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Thread: Very hard chemistry problem. >:(

  1. #1 Very hard chemistry problem. >:( 
    Forum Junior DivideByZero's Avatar
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    Ok. First of all this is a homework problem so please provide your steps on how you solved this.

    Calculate the for the following acids using the given information.

    (a) 0.220 M solution of H3AsO4, pH = 1.50



    so i know the concentration of H+ ions would be 10^-1.5 = 0.0316 M

    I think the dilution of the H3AsO4 is:
    H3AsO4 --> 3H + AsO4

    now what?


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  3. #2  
    Forum Masters Degree organic god's Avatar
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    Well firstly we can say that this acid is a weak acid.

    Therefore we can make the assumption that the dissacotiation of
    the acid is low and therefore
    [H+] = [H2AsO4-]

    Ka = [H+][H2AsO4-]/[H3AsO4]

    therefore using the above assumption

    Ka = [H+]^2 / [H3AsO4]

    you used the correct method to get [H+]

    doing this i get an answer of 4.55 *10^-3 mol dm-3


    everything is mathematical.
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  4. #3  
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    I want to hijack this thread. Sorry.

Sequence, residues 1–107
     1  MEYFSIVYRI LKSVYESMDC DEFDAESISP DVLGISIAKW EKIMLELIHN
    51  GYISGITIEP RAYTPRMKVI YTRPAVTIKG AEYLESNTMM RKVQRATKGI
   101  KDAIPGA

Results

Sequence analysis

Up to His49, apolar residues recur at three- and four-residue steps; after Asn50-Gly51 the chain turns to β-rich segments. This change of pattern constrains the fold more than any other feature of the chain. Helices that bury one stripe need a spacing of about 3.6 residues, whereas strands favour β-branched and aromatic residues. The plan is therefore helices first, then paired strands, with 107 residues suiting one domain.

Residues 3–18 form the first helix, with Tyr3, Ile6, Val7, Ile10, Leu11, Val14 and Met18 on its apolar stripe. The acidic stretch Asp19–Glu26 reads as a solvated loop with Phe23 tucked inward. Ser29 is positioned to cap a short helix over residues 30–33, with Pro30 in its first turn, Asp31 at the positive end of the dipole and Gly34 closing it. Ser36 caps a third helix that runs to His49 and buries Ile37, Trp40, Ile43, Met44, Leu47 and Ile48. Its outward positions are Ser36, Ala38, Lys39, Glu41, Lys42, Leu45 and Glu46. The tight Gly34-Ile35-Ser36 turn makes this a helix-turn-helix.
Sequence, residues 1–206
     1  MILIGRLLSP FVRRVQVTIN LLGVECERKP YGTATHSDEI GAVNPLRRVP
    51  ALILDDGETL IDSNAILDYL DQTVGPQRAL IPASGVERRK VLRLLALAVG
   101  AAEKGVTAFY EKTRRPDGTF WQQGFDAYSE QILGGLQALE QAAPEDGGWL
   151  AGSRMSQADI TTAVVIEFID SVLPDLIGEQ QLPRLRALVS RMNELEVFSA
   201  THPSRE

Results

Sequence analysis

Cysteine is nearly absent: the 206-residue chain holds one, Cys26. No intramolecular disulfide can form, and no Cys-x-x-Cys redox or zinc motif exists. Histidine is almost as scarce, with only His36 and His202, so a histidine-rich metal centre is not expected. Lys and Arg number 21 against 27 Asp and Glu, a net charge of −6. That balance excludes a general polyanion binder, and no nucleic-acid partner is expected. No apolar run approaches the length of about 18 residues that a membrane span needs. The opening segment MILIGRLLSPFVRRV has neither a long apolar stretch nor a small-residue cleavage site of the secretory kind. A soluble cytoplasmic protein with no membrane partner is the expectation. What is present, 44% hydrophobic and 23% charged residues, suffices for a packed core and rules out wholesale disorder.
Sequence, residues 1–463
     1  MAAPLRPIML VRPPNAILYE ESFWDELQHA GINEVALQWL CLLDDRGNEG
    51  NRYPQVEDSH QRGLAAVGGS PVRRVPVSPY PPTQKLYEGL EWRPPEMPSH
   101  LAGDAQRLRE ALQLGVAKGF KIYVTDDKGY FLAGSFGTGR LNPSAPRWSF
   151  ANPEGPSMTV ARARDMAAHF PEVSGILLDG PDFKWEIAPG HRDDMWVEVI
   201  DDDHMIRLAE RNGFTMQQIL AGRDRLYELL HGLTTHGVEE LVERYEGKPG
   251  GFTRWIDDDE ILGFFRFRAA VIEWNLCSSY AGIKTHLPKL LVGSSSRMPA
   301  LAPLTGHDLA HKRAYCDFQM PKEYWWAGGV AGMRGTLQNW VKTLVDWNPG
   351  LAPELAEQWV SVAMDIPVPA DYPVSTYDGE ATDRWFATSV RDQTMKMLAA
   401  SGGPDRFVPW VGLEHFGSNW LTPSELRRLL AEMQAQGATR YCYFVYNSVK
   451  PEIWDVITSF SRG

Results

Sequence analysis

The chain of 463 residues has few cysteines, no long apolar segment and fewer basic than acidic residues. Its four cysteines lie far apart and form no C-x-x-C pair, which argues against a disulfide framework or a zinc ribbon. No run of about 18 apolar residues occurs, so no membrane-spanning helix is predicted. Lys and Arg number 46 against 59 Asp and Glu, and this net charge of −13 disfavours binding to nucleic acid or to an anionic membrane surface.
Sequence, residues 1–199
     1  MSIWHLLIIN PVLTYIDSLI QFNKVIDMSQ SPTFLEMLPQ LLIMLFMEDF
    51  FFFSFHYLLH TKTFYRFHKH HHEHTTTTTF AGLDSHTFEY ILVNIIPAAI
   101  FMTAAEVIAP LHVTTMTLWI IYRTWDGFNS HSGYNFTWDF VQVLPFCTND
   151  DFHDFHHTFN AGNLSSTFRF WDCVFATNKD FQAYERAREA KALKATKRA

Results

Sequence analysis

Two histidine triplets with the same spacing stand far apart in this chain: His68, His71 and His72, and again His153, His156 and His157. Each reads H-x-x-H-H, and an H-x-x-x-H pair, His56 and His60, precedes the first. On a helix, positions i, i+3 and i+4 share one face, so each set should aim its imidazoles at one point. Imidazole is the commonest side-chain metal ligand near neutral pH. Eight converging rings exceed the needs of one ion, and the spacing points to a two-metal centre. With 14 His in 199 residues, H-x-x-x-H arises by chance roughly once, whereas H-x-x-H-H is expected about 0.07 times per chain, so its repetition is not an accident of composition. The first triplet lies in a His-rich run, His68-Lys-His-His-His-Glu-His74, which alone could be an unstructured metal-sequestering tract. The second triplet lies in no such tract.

How can you calculate the pH of chloroform, for example?
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  5. #4  
    Forum Junior DivideByZero's Avatar
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    Thats exactly what I put for my answer but I keep getting it wrong!

    I'm entering my answer in a website called 'Webassign' where the teacher assigns us homework but it keeps saying my answer is wrong. Its so frustrating.
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  6. #5  
    Forum Junior DivideByZero's Avatar
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    Quote Originally Posted by georginho_juventusygr
    I want to hijack this thread. Sorry.

    How can you calculate the pH of chloroform, for example?
    I think the pH of any substance depends on its concentration.
    For example a very concentrated amount of hydrochloric acid would have a lower pH than a not so concentrated one.
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  7. #6  
    Forum Masters Degree organic god's Avatar
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    Thats exactly what I put for my answer but I keep getting it wrong!

    I'm entering my answer in a website called 'Webassign' where the teacher assigns us homework but it keeps saying my answer is wrong. Its so frustrating.
    try changing the number of significant figures in your answer
    everything is mathematical.
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  8. #7  
    Forum Sophomore oceanwave's Avatar
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    if its a weak acid, i doubt that it would undergo such a great hydrogenation thus i think only 1 ion for the equation would be correct.